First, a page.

One of the performance improvements included in Firefox 3.6 is a new path rasterizer for use on Windows. This new rasterizer improves vector graphics performance substantially.
The previous rasterizer is designed for a XRender trapezoid model of rasterization. In this model, to fill a polygon, we first tessellate it into a collection of trapezoids. Next, each of these trapezoids is rasterized and the result added to mask image. Finally, this mask is used to composite the filled polygon. This design can work well if we rasterize multiple trapezoids in parallel as could be done on a GPU. However, when we're using the CPU to sequentially rasterize and blend each trapezoid it's not the most efficient approach.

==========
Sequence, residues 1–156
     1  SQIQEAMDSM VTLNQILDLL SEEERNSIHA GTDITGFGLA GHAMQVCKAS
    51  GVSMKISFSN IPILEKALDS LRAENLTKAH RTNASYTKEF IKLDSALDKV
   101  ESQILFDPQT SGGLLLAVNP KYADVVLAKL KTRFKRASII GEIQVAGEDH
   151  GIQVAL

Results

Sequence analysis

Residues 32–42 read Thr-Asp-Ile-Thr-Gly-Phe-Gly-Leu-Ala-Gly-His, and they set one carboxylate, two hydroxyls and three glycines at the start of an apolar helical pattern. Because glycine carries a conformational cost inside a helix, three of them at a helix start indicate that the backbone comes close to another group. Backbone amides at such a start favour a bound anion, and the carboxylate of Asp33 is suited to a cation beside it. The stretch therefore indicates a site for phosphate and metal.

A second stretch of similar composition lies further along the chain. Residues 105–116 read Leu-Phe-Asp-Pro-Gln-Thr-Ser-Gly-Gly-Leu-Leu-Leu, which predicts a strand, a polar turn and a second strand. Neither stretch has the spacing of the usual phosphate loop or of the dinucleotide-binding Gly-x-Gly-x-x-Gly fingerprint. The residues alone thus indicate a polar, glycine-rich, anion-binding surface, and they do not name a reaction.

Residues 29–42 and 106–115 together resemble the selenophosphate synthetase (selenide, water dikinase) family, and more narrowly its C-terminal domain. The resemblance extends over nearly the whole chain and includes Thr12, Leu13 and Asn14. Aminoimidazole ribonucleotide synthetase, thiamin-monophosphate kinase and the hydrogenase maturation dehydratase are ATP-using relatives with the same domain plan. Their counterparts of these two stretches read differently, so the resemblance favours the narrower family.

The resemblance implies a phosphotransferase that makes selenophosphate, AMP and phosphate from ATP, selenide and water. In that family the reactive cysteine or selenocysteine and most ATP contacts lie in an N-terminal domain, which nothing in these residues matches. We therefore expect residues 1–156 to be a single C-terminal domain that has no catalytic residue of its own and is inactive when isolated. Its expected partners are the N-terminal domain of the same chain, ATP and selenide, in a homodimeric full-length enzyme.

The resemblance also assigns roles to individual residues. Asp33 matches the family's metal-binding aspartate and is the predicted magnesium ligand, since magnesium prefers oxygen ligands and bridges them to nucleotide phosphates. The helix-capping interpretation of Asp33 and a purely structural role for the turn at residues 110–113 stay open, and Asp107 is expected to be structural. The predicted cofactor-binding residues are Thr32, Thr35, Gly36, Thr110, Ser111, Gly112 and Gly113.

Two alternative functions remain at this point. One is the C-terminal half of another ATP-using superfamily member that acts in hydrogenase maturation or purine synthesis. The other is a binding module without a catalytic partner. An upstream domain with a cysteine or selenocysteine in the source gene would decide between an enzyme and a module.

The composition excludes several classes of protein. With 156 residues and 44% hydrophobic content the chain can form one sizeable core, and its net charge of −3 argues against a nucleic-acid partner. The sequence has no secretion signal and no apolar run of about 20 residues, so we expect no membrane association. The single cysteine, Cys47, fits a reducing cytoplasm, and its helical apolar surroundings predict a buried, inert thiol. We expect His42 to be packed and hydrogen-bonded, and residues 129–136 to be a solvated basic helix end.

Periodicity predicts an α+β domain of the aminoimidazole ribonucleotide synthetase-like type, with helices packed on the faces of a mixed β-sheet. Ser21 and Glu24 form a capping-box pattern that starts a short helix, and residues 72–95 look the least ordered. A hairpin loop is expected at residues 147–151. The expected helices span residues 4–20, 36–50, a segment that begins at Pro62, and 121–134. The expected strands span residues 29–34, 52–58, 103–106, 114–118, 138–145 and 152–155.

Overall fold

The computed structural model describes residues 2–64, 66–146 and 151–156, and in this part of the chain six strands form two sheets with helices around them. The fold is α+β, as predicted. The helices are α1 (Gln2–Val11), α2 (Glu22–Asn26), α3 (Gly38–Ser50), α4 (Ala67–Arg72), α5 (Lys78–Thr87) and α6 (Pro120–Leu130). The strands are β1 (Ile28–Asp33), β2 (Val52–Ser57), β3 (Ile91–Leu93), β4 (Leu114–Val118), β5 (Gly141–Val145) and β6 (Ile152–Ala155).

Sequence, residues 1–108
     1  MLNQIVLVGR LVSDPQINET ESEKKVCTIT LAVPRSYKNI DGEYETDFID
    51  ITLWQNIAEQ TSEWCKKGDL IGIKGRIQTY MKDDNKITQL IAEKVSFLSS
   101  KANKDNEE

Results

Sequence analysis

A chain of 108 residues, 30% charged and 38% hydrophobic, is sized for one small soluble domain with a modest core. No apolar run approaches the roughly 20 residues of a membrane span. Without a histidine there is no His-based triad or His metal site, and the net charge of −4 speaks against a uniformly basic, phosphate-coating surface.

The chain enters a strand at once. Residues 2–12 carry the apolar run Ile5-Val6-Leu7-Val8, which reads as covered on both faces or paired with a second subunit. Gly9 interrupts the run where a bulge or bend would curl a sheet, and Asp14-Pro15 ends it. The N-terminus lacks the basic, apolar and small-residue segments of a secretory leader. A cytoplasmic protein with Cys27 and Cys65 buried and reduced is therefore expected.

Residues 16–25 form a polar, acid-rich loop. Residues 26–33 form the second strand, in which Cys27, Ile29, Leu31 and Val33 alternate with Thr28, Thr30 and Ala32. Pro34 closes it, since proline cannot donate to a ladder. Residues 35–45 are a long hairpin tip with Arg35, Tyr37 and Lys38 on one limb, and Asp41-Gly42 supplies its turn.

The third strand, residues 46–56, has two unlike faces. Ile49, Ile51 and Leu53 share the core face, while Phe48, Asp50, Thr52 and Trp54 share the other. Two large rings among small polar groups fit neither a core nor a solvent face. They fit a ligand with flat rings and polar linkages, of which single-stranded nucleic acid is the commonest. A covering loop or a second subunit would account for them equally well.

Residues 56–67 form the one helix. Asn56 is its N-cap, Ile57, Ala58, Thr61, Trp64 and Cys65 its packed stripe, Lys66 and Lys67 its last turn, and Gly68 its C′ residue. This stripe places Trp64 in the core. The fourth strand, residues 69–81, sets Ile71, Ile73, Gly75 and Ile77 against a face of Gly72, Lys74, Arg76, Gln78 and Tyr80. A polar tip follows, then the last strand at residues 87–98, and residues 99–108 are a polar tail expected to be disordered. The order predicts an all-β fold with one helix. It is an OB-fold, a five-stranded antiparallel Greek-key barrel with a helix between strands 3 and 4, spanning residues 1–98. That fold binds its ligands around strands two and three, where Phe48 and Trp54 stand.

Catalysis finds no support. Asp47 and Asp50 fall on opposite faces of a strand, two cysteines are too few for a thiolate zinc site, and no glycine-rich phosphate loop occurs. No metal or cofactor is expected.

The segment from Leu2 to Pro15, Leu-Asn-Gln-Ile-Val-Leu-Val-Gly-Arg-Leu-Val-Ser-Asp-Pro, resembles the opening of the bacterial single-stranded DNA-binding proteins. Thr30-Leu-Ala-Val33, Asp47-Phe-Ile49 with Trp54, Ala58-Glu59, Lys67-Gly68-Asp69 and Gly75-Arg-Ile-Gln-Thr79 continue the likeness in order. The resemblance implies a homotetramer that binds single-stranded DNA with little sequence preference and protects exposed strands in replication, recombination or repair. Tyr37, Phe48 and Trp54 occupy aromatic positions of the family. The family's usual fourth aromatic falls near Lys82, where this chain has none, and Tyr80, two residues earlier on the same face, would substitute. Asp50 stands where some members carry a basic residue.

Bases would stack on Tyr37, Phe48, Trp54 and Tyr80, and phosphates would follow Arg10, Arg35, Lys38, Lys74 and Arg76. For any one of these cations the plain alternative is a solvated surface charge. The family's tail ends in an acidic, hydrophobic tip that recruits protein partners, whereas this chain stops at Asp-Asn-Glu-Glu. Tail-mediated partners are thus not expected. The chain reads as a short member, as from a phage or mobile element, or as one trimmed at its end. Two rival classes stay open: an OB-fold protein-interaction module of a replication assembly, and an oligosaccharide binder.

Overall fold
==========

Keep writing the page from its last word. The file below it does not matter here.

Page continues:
Scanline rasterization is the textbook method for filling polygons and when using a CPU it can be more efficient than tessellating. Instead of breaking the polygon into trapezoids we iterate over each scanline of the mask image. For each scanline, we iterate over the edges that it intersects and fill the pixels in-between the edges to produce the mask image.
M Joonas Pihlaja contributed a scanline rasterizer to cairo as part of a Google Summer of Code project and it's included in Firefox 3.6. This new rasterizer makes a pretty significant difference when filling complex paths. For example, this test draws a spinning map of the world using canvas. In Firefox 3.5, I get about 6-7fps. Using Firefox 3.6, it's nearly 4x faster with about 19-24fps.